Science Fell in Love, So I Tried to Prove It – Anime Preview

Synopsis: What happens when a science-inclined girl and boy who are deeply passionate about research fall in love? An intelligent woman named Himuro Ayame who is a science graduate student at Saitama University happens to ask fellow science grad student Yukimura Shinya out. Of course, there’s no logical reason for this love! But as a science and engineering major, not being able to logically prove love would mean that those feelings aren’t real, and they’d fail as a science student. With that in mind, the two drag everyone else in the lab into trying various experiments to prove love actually exists. (Official Crunchyroll Synopsis)

Great confident delivery even if it seems highly misplaced.

Episodes 1-3 Review (Warning: Minor Spoilers to Follow):

Tom: Science Fell in Love So I Tried to Prove It has a lot of similarities with Kaguya-sama: Love is War. Both focus on a couple that treats love in an abnormal way. In Kaguya-sama it’s treated (as the titles says) like war. Here Himuro and Yukimura treat it instead like a principle guided by science. The similarities end there though. Kaguya-sama is a raging success as a comedy, while Science limps across the finish line. The trouble, I think, stems from a flawed premise. It’s often embarrassing, particularly as teenagers, to confess your feelings for someone. If you do confess, and they don’t share the affection, then it can really feel like you’ve lost. It’s not hard to see how you’d turn confessing feelings into a fail state. But with Himuro and Yukimura, trying to gauge emotional attraction through science isn’t nearly as easily identifiable. I also don’t think the idea at all lends itself to comedy. Heck I don’t think Science as a methodology lends itself to comedy.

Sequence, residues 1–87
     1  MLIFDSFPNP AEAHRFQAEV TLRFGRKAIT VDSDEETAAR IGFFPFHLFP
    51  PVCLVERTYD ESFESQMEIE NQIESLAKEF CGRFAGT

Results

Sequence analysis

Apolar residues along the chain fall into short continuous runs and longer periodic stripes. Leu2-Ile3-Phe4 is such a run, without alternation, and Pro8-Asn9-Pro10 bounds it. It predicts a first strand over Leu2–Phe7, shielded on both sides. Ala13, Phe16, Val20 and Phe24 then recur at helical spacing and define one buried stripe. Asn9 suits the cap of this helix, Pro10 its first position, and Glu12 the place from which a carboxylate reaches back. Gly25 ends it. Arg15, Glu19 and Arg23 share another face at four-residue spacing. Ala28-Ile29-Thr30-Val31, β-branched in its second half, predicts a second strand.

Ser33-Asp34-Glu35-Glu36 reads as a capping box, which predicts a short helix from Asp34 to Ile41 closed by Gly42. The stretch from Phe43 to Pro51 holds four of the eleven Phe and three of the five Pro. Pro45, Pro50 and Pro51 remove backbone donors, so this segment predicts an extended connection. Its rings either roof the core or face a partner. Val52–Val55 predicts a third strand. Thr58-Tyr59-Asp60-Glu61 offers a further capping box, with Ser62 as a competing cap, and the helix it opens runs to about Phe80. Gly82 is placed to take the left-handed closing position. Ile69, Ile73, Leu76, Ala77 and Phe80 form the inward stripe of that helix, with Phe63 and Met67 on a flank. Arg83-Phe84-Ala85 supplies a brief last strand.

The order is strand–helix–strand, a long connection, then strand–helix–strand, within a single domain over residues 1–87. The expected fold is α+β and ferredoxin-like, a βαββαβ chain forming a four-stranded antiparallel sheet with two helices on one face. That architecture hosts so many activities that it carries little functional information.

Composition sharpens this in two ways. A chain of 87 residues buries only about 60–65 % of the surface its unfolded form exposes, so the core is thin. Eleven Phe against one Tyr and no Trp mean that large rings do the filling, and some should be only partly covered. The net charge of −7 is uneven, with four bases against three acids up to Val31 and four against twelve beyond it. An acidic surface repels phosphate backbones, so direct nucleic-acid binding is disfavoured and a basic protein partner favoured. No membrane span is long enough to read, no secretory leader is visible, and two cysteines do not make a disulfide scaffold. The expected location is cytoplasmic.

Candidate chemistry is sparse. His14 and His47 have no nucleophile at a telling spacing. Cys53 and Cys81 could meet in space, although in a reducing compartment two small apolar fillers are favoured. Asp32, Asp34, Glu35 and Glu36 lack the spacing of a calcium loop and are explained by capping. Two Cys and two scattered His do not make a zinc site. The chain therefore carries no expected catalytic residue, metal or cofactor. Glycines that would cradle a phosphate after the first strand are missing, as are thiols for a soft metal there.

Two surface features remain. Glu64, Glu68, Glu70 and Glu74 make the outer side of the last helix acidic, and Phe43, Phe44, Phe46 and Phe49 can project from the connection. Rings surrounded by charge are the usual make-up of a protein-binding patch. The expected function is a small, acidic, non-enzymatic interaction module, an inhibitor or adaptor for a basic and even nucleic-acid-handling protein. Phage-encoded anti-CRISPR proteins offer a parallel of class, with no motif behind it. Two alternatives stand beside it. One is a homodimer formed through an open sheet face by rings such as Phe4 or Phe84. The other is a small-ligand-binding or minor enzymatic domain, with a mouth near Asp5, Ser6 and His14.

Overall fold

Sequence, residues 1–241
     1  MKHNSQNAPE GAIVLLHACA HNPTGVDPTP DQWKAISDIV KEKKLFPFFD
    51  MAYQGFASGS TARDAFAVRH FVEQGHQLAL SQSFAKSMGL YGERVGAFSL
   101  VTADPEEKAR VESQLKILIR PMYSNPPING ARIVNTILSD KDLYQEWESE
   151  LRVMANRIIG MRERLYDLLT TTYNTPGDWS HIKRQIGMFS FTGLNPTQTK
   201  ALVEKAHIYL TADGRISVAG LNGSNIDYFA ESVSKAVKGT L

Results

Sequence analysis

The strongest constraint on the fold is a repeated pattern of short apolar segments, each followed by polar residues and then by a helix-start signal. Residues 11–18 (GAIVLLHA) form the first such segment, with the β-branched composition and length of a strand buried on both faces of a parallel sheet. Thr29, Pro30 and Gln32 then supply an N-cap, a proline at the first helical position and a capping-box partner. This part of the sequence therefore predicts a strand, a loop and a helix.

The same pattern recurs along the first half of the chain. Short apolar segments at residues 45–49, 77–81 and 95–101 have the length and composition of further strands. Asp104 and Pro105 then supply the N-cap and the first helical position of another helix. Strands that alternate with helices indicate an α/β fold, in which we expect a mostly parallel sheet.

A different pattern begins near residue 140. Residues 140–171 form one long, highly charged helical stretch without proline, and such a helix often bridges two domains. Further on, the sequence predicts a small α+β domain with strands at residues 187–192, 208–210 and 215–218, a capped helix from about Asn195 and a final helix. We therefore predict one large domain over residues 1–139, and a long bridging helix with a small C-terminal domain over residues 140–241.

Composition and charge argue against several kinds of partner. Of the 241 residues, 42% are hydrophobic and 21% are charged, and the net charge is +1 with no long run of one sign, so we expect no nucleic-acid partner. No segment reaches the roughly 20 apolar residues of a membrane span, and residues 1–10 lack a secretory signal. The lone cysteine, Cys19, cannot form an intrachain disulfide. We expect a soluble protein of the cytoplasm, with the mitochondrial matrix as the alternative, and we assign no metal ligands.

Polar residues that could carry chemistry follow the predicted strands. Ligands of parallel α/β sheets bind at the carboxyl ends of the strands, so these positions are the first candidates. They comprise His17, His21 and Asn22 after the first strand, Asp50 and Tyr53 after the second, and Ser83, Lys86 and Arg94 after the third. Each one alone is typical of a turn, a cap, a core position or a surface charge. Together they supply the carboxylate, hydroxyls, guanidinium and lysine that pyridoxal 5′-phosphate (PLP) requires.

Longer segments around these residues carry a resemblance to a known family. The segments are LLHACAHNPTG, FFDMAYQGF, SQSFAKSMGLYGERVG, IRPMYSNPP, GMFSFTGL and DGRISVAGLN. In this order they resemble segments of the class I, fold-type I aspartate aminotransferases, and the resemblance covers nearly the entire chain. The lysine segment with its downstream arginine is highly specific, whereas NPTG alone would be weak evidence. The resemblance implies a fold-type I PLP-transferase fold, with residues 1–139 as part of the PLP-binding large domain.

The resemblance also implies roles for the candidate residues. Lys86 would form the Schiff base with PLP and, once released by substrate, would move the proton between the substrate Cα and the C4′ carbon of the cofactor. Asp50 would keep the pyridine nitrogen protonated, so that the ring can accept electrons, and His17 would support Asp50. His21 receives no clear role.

Linny: I don’t know if Tom’s statement about Science not jiving with comedy is true, but Science Fell in Love certainly doesn’t contradict that premise. The jokes in Science Fell in Love can all be boiled down to ‘look at these pedantic and high strung nerds approach everything with too strict of a scientist’s mindset.’ Because the leads are portrayed as ridiculously out of touch with their common sense, the comedy comes off contrived and you’ll see most punchlines coming a mile away. We do get some other avenues of comedy through the ‘straight man’ female classmate, Kanade. It’s not only through her reactions to Himuro and Yukimura’s idiotic experiments, but also whenever Kanade flashes back to her cringe worthy adolescent attempts at love. These bits have a better chance of landing with audiences as they’re more realistic and universally relatable versus having to sit through the millionth iteration of ‘look at these two science nerds be repetitive caricatures of extreme nerdiness.’